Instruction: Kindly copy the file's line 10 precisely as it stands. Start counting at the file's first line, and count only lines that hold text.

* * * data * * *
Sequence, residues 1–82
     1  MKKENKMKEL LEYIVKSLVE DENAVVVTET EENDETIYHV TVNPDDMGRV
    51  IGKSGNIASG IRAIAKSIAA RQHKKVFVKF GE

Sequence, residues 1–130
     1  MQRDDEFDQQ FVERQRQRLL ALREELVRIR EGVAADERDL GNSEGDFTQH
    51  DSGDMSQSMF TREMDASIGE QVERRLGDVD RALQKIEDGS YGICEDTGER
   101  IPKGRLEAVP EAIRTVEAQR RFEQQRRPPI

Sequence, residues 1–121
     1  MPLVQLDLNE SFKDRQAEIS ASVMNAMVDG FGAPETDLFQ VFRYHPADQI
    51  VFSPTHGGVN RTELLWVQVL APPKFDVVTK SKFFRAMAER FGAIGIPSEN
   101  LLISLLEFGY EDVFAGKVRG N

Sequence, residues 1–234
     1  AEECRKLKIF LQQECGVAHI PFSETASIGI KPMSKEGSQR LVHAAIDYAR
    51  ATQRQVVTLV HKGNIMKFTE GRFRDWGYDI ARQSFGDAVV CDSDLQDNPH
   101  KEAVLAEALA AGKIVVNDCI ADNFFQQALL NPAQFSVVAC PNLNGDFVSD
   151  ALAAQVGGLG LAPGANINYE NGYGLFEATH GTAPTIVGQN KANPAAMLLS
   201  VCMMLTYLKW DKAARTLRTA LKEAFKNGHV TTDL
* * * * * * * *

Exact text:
    51  VFSPTHGGVN RTELLWVQVL APPKFDVVTK SKFFRAMAER FGAIGIPSEN